Career women face 'tough personal choices,' execs say
Tuesday, October 6, 2015
Posted by: Barbara Francella
Ellen Junger of Hallmark, Suzan Kereere of American Express and Kathy Russello of Ahold USA shared their personal career stories at the NEW Summit 2015 in Dallas.
Women make tough choices as their
responsibilities — and power — grow in the workplace, according to female
senior executives from American Express, Ahold USA and Hallmark Cards Inc.,
offered their personal career stories to a sold-out crowd of 1,200 industry
leaders at the NEW Leadership Summit, Oct. 2, in Dallas.
Suzan Kereere, senior vice president and
general manager, global merchant services at American Express; Ellen Junger,
Hallmark's senior vice president, corporate brand development; and Kathy
Russello, Ahold USA's executive vice president, human resources shared their
experiences as women on the rise in corporate America.
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is a series of trade-offs, according Kereere, who moderated the panel
discussion. "Career is a freakin' jungle, not a ladder," she said.
a career often means stepping outside your comfort zone and accepting stretch
assignments, the women agreed. For Junger,
taking on a stretch assignment means jumping in without knowing exactly what
you are doing. "I've wanted to be known for my knowledge and expertise and
the skills I've built throughout my career," she said. "But I learned
the most when I've thought, 'I really don't know if I can do this.' Don't let
the butterflies in your stomach hold you back."
women think, "I need to know what I’m doing before I step out," she
added. "If you say, 'I'm 50-percent confident and I'm going to conquer it
anyway,' that is when you grow."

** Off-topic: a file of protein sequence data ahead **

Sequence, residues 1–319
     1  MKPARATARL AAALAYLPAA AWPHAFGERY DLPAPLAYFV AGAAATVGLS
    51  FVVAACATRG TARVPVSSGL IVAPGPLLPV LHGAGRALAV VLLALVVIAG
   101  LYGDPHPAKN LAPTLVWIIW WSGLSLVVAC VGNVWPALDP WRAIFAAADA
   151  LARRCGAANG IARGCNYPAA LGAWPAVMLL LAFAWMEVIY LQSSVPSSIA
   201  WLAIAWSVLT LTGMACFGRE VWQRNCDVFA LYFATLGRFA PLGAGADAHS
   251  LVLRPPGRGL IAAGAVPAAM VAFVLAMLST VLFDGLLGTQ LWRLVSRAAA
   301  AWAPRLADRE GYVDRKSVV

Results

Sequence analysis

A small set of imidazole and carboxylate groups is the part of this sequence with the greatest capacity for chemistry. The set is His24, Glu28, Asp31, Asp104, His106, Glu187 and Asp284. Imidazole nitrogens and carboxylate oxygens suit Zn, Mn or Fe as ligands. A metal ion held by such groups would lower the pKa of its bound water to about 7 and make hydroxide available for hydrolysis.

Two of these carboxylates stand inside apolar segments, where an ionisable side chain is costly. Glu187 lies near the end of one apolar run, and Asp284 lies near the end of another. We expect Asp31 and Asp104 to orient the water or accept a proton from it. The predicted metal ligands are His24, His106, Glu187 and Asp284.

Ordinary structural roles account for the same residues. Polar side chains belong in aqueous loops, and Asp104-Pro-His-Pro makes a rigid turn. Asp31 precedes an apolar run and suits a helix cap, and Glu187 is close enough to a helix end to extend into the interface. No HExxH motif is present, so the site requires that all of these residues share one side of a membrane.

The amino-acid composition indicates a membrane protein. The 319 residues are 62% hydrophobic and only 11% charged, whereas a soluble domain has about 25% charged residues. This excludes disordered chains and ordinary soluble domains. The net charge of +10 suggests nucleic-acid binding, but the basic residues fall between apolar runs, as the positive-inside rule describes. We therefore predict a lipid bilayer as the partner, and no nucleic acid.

often have a conflicted relationship with power, she added. "You are
powerful when you create value, have a voice and have influence. I had to grow
more comfortable with having power and developing a voice to move the needle.
Power comes from understanding how to lead from a place of authenticity and
Russello shared how, earlier in her career, she took on a
new role that called for her to take on responsibility for labor relations strategy,
which included negotiating with men representing labor unions. "I loved human resources -- I didn't
want to just focus on labor relations -- I went into that role with a great
deal of concern. I wasn't sure I could do it," she said.
But the experience proved valuable. "It’s the role I
learned the most from," she said. "I think that the unions were as
nervous dealing with me as I was dealing with them, because labor is
historically a male-dominated field. During my time, the company made some
significant changes regarding how we go to business from a labor perspective. My
expertise in labor relations is what differentiates me from some of my peers
She defines "power" as the ability to impact and
influence the direction of an organization. "I am able to accomplish
things and move the organization forward by being honest and true to what I
stand for,” Russello said. "I identify what the gaps or needs are and then I
establish a plan to solve those issues. I may step out of my specific job
responsibilities, at times, but if I think I have the answer, I'll take a few
Kereere rose to positions of greater responsibility and power, she has relied
on a network of personal "board members" who are honest with her
about the business and workplace dynamics. "It's so easy to get
disconnected," she warned.
faced with challenging workplace politics, Kereere said, "The easy part is
going along. The hard part is being willing to say, 'Hang on, I'm not sure that
makes sense.' When you say, 'No,' that's when the politics begin. You have to
have allies to carry you through that turn."